A Day in the Life at The University of Georgia

The tutors behind Varsity Tutors are not just here to teach – they’re sharing their college experiences as well. Michelle is an Atlanta tutor specializing in several subjects including Biology tutoring, AP English tutoring, SSAT prep tutoring, and more. She graduated from The University of Georgia in 2012 with a Bachelor’s degree in Psychology. Check out her review of her alma mater:


VT: Describe the campus setting and transportation options. How urban or safe is the campus? Are there buses or do you need a car/bike?

Michelle: UGA is located within the small, college town of Athens, GA. Athens has a small town vibe, especially since most of its residents are somehow associated with the university, but UGA itself is quite a large school. Accordingly, the campus is quite large. While most places can be reached in about 15 minutes on foot (the time you get in between classes), there are some paths that are simply too far. Luckily, UGA offers a comprehensive, free bus system. Sometimes the buses are absolutely packed...it just depends where you're going and at what time of day. Many students use bikes to get around but that option never seemed very appealing to me given all of the hills! A car is helpful, but parking passes can be expensive/messy. It would probably be better to coordinate with a friend, split the pass, and carpool.

Campus is safe. It's nestled right up to downtown Athens: four or five cross streets of dive bars, restaurants, and boutiques. Convenient if you want to go shopping or meet a friend for coffee in between classes!

VT: How available are the professors, academic advisers, and teaching assistants?

Michelle: I was always able to schedule time outside class with my professors and TA's when I wanted to. I had an unofficial graduate student mentor for about two years while working in the non-human primate lab. She wrote many a recommendation letter for me and she and I still keep in close contact.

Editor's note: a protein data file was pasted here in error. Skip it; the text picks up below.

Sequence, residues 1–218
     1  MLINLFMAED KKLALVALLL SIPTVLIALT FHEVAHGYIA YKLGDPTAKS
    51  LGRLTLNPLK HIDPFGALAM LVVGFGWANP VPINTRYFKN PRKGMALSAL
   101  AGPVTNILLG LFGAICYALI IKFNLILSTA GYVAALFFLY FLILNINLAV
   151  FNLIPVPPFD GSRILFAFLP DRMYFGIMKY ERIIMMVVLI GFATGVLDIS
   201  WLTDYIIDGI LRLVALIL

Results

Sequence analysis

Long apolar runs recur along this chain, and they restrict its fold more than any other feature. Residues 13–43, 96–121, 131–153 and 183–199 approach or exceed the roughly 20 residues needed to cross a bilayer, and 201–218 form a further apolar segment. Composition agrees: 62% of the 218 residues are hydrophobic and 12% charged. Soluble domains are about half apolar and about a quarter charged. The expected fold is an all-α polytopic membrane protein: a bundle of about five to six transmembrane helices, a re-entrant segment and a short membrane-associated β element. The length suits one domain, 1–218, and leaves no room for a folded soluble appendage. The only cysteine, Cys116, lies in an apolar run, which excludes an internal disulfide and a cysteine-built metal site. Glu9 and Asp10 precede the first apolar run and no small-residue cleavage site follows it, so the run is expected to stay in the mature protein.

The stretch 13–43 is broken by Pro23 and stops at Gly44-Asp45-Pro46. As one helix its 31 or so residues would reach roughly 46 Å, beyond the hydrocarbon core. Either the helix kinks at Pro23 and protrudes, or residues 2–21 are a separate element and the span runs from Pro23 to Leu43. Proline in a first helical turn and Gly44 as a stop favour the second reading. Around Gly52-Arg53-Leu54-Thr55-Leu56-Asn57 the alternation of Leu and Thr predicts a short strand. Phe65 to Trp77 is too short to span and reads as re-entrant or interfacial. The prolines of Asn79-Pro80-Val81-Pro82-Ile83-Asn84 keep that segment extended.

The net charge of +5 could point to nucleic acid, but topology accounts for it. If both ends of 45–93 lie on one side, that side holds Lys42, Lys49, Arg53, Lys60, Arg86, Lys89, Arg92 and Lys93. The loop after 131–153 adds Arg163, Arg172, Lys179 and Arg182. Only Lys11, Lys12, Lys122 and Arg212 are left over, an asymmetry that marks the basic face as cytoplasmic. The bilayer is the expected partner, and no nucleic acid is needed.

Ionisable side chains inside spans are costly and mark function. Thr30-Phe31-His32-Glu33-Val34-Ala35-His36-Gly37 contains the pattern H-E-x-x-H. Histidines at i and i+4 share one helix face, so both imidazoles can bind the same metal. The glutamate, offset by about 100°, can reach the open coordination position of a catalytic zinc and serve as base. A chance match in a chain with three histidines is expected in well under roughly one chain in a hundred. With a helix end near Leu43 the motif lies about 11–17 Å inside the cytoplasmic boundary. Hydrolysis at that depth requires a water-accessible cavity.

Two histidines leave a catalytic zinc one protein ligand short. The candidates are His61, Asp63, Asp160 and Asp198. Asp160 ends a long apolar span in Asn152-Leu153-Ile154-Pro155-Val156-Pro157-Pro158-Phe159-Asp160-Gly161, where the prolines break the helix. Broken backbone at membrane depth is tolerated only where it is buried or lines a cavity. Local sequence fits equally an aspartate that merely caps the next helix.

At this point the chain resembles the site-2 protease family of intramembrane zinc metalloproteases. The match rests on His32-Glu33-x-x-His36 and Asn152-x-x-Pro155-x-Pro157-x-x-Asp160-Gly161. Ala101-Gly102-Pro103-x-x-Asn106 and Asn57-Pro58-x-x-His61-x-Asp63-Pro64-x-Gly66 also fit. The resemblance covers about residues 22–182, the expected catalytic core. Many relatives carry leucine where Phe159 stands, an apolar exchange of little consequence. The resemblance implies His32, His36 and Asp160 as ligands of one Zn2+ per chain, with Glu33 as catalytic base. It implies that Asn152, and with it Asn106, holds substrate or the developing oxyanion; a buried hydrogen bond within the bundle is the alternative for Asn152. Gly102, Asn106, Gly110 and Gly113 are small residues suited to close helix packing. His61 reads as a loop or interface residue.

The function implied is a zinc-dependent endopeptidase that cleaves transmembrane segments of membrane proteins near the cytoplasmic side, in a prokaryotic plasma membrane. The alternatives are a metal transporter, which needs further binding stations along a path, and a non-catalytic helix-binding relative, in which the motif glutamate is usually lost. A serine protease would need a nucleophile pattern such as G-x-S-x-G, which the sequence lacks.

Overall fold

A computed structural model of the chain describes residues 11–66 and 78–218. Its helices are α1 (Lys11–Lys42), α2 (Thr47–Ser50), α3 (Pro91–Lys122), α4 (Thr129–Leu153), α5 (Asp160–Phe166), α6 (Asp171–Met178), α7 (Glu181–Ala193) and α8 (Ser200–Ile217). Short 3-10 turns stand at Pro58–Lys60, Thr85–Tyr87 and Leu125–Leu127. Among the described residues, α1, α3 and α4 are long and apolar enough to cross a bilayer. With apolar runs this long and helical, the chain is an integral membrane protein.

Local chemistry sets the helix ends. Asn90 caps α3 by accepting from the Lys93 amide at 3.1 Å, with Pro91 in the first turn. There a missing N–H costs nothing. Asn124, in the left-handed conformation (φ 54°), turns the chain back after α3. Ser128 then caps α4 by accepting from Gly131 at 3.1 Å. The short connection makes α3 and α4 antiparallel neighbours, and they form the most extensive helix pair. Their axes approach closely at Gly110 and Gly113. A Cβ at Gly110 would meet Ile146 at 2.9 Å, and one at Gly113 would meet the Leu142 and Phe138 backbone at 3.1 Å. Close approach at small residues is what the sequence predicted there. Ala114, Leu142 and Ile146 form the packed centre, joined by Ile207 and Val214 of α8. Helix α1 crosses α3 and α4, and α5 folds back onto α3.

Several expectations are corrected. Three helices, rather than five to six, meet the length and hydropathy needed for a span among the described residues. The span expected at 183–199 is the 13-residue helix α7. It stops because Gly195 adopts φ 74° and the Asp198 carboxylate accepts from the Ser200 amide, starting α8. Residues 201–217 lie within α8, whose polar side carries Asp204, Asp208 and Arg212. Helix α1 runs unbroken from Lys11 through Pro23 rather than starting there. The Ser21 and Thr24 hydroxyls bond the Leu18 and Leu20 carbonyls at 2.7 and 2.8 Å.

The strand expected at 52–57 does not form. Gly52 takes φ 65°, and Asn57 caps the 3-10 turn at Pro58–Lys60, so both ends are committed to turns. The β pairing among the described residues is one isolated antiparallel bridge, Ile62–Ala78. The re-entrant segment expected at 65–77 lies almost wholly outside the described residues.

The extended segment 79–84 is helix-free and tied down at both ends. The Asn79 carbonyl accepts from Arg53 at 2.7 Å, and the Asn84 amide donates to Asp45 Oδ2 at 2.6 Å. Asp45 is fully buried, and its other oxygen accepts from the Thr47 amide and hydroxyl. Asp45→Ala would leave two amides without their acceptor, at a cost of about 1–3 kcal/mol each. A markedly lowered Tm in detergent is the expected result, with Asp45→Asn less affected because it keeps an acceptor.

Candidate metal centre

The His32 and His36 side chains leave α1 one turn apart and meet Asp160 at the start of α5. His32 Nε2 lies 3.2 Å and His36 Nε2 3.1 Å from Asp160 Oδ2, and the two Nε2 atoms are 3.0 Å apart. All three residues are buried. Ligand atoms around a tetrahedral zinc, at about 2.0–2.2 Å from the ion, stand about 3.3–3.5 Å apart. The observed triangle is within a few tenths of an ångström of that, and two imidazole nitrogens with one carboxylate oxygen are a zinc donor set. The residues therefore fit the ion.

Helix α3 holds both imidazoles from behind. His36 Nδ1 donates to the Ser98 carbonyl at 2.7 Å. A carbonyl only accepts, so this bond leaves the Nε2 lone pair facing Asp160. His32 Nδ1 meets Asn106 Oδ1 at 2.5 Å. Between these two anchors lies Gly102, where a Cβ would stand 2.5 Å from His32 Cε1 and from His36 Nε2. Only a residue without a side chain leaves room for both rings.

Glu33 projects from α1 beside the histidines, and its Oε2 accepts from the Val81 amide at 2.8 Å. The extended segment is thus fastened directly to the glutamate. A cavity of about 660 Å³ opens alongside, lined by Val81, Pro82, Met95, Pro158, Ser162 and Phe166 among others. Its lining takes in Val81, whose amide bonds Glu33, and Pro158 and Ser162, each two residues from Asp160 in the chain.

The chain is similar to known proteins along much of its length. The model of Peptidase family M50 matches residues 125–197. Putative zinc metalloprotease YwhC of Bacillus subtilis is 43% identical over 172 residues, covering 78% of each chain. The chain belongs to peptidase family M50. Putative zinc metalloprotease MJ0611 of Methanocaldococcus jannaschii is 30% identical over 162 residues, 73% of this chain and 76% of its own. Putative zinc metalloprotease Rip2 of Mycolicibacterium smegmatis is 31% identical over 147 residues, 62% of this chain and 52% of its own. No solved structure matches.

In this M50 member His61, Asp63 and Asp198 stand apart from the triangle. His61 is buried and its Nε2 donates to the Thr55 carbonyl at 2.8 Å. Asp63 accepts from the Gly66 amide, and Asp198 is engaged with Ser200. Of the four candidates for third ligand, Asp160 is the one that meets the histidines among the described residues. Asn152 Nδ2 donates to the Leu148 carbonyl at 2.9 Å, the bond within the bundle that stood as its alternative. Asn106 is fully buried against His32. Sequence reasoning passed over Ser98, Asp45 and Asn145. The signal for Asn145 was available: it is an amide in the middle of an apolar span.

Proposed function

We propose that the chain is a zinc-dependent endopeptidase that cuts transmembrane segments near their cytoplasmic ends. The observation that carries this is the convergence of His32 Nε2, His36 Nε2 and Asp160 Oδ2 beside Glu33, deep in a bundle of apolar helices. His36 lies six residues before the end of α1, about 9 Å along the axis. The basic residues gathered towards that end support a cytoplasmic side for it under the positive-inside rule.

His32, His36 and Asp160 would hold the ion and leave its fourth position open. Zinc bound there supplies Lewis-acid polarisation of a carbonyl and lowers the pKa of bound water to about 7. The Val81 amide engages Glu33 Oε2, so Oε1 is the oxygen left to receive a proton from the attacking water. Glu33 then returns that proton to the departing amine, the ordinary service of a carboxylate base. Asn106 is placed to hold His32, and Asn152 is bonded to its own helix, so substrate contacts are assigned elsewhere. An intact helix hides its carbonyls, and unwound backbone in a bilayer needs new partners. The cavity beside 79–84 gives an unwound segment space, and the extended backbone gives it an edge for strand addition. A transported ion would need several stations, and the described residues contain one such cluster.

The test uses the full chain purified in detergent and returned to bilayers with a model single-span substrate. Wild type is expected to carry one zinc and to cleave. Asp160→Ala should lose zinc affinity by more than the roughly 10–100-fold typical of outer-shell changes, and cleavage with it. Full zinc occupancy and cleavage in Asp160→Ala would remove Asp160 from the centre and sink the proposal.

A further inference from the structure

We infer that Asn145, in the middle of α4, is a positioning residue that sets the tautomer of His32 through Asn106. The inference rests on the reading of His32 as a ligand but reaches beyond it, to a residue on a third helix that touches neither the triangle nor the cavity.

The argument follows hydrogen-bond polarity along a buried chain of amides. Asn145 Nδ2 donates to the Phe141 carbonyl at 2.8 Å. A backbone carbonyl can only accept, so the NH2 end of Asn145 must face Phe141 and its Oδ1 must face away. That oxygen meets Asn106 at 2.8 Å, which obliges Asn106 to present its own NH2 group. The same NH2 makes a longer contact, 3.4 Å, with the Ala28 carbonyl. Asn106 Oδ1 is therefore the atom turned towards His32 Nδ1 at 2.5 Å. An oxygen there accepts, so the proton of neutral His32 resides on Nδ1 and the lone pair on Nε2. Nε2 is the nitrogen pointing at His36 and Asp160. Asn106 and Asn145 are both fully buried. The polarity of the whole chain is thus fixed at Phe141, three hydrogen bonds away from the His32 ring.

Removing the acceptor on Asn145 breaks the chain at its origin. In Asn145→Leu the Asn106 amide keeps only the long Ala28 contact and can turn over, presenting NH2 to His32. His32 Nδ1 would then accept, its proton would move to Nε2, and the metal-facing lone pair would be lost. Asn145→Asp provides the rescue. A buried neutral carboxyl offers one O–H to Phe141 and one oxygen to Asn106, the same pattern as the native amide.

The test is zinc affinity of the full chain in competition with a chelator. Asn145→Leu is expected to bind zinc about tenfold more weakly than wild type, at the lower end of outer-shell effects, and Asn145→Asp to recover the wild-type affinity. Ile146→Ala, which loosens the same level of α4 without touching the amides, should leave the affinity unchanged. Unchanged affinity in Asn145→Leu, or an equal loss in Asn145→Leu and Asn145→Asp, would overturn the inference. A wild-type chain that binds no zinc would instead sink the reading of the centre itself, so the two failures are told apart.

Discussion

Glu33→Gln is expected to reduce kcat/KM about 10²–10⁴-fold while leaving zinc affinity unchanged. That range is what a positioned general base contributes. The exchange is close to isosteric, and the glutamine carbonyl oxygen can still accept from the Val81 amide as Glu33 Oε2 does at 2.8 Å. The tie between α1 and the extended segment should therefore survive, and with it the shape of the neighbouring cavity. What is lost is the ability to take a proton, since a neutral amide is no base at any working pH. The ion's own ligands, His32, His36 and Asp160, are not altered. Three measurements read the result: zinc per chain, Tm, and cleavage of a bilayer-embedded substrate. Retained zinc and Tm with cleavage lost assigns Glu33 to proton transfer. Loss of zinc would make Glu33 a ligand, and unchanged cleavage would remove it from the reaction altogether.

VT: How would you describe the dorm life – rooms, dining options, location, socialization opportunities with other students?

Michelle: You are required to live on campus in a dorm during your freshman year, which I think is a great way to become acclimated to college life. Many of my friends throughout the four years came from my freshman dorm. It's nice to find ways to make such a big school feel a bit smaller – and it really works. I was on the meal plan freshman year as well and I loved it. There are lots of dining halls, conveniently located both to classes and to the dorms. There is even one open 24 hours on weekdays! Dining halls were always a great place to run into friends and have an impromptu meal or hang out while sitting around studying and drinking coffee for hours.

VT: Which majors/programs are best represented and supported? What did you study and why? Did the university do a good job supporting your particular area of study?

Michelle: It's such a big school, so it's hard to say. Maybe the business school is best represented and supported. I know we're known for our law school as well. Either way, I studied Psychology in the school of Arts and Sciences. I had already studied psych for two years in high school (as AP and IB courses) and I knew it was something that absolutely fascinated me. Beyond that, I didn't know what I wanted to do with it when I graduated. From what I could tell, the Psychology department is pretty strong at UGA, besides being located in the most confusing building ever! I loved my academic adviser – she was always available if I had a quick question and helped me shuffle my schedule around when I found myself in a pickle.

VT: How easy or difficult was it for you to meet people and make friends as a freshman? Does Greek life play a significant role in the campus social life?

Michelle: Greek life is huge at UGA, but that being said, I was never a participant and I found making friends to be very easy and fun, especially as a freshman! Certainly many people go in knowing people already because, after all, it is a state school, so high schools from all over Georgia feed into it. I saw people I knew from high school occasionally, but we all also made new friends. If you're Jewish, I think it's worth considering the tight-knit nature of the Jewish community on campus; there are Greek organizations affiliated with Judaism, as well as very active Chabad and Hillel houses.